Jeff Brown wants to know what makes corn tick. If Mother Nature provides a good growing season, what does it take to hit home-run yields?
He knows it takes scouting. But Brown, who farms at Blue Mound, Ill., says he can scout much more efficiently if he uses aerial imagery to pinpoint where to look. He’s in his first season of relying on aerial imagery from weekly fixed-wing flights over his fields to help improve scouting effectiveness.
Brown is no stranger to scouting or imagery. He relied on satellite images in the past. So far, he’s finding the high resolution of the fixed-wing images is helping him pick up subtle differences in crops that he might not have seen before.
“Sometimes you might not even see it unless you look really close — if you were actually in the field,” Brown adds. “These images pick up minute differences in color and other factors which indicate that something is different about crops growing in one place vs. another place. Once you know there is something different, it’s still up to you to figure out what caused it, and what, if anything, you can do about it.
“Access to good aerial images on a consistent basis doesn’t eliminate the need for scouting. It just makes time spent scouting more effective.”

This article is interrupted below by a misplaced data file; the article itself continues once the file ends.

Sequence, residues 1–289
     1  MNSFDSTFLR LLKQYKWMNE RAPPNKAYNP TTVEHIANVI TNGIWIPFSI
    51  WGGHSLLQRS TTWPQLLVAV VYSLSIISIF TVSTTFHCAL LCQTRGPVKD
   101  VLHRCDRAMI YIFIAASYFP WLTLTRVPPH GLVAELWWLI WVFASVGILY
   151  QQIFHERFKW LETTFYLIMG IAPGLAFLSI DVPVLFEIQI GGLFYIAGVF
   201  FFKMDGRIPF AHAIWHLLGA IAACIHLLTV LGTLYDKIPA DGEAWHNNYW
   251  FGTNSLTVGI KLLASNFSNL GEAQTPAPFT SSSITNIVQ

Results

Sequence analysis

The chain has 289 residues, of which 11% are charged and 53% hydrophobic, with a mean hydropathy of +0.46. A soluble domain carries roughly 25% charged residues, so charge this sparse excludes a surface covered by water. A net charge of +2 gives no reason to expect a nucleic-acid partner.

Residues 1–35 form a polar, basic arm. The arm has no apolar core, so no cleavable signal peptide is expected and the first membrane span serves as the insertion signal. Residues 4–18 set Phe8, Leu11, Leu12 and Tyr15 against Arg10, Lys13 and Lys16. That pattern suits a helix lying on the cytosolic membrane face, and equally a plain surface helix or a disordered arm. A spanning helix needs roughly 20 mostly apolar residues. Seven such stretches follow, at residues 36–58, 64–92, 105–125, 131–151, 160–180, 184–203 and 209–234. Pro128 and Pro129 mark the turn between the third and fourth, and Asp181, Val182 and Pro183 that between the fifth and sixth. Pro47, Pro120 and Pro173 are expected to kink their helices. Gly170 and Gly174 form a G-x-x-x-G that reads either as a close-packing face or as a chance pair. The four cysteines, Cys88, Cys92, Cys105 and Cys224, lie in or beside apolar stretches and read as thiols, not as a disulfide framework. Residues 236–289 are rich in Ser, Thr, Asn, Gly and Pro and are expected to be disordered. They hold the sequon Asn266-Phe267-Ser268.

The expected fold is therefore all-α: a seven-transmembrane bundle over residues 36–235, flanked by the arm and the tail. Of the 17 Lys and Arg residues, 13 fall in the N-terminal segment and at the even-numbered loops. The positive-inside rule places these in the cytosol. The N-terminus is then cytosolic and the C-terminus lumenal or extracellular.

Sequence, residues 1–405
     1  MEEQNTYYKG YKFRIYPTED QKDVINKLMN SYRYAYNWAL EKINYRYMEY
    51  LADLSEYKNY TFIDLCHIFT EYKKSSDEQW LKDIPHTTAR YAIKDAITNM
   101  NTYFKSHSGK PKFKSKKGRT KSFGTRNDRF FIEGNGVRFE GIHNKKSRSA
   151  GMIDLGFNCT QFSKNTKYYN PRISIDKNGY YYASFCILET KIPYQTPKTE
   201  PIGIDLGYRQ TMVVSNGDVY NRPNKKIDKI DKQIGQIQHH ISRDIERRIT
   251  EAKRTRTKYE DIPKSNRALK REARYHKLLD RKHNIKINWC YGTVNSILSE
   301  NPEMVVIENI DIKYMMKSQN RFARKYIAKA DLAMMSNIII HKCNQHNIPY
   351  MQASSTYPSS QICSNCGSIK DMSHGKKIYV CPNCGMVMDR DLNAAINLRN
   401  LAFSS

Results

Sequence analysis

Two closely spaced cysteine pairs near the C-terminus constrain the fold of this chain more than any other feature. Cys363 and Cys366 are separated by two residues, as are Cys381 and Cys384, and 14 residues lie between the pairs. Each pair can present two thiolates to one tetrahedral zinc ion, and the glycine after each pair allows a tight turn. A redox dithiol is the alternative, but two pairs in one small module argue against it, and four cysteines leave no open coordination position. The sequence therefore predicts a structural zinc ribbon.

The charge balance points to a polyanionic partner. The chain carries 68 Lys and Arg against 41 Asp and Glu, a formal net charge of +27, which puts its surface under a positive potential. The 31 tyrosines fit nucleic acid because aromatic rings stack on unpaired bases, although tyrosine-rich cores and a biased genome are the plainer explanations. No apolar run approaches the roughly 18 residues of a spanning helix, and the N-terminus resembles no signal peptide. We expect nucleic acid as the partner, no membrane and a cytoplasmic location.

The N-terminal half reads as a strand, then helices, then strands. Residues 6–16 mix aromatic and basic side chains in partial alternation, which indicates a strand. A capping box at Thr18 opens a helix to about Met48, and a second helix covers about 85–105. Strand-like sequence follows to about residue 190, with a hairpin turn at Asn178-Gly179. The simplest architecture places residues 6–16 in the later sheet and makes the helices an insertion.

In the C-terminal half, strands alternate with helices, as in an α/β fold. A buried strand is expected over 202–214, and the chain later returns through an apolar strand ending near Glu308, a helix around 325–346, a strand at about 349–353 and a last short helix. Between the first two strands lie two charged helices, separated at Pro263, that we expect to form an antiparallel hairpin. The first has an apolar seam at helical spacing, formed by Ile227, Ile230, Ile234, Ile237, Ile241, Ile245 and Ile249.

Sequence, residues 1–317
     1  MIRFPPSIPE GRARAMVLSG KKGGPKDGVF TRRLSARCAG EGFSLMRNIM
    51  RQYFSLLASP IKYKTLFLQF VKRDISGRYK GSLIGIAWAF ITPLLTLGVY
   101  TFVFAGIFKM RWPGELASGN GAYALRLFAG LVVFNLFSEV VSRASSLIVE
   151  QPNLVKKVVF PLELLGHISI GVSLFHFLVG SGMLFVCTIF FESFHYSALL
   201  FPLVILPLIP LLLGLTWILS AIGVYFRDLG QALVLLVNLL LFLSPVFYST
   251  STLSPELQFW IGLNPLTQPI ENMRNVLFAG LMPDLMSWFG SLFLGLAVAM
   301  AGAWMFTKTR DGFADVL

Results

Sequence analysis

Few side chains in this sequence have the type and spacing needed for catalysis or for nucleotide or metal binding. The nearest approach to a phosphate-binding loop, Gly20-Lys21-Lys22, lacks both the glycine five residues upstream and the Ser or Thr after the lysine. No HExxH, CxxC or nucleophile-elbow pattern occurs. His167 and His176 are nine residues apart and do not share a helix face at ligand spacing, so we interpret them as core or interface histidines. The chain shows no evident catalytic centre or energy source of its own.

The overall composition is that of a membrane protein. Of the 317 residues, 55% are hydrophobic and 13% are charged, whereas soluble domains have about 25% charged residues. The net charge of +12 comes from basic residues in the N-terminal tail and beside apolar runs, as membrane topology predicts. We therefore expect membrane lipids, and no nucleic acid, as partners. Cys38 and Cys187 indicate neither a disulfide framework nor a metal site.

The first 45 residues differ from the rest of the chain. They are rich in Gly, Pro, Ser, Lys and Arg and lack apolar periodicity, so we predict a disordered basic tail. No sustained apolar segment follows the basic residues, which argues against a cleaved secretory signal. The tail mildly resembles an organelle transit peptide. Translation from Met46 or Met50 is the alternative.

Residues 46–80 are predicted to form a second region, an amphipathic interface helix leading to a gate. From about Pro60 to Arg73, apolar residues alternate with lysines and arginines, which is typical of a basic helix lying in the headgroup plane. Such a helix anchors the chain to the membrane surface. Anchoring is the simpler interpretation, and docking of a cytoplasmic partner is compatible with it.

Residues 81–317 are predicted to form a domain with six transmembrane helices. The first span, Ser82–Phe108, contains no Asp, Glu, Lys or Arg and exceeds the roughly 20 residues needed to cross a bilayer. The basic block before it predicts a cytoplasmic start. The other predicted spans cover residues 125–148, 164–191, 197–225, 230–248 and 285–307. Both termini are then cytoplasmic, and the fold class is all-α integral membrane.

Brown’s images from aerial flights are provided by Ceres Imaging. His fields in the program are typically flown weekly. “If they fly fields on Tuesday, I have images by Thursday,” he says. “That’s quick enough turnaround to allow me to go to spots which are different, determine what’s going on and take action if necessary.”
The images are delivered to Brown through an app on his phone. His phone functions as an iPad in the field. “I can go out to the spot where things look different, and look at the images and crop at the same time,” he says. “That makes scouting very convenient. I can also look back at flights from previous weeks and compare changes over time.”
Brown goes one step further. He uses Climate FieldView from The Climate Corporation to track the bigger picture of everything impacting yields throughout the season. He turns aerial images into another layer of information in Climate FieldView to add that much more knowledge about what’s happening in the field.
Future for imaging
Ceres Imaging, based in Oakland, Calif., describes itself as an aerial spectral imagery and analytics company. Earlier this year, Ceres Imaging entered into an agreement with Insight Venture Partners. The arrangement added $25 million of venture capital so Ceres Imaging can further develop analytical products for agriculture. This year’s round of venture capital funding was the largest single investment in the agricultural spectral imaging market to date, Ceres Imaging officials say.
The goal is to use proprietary image sensors, computer vision, machine learning and plant science to allow farmers like Brown to react to changes in their fields weeks before they could detect them otherwise.
“Our imagery helps farmers cope with a changing world full of challenges, such as climate variability, labor shortages and depressed markets,” says Ashwin Madgavkar, founder and CEO of Ceres Imaging.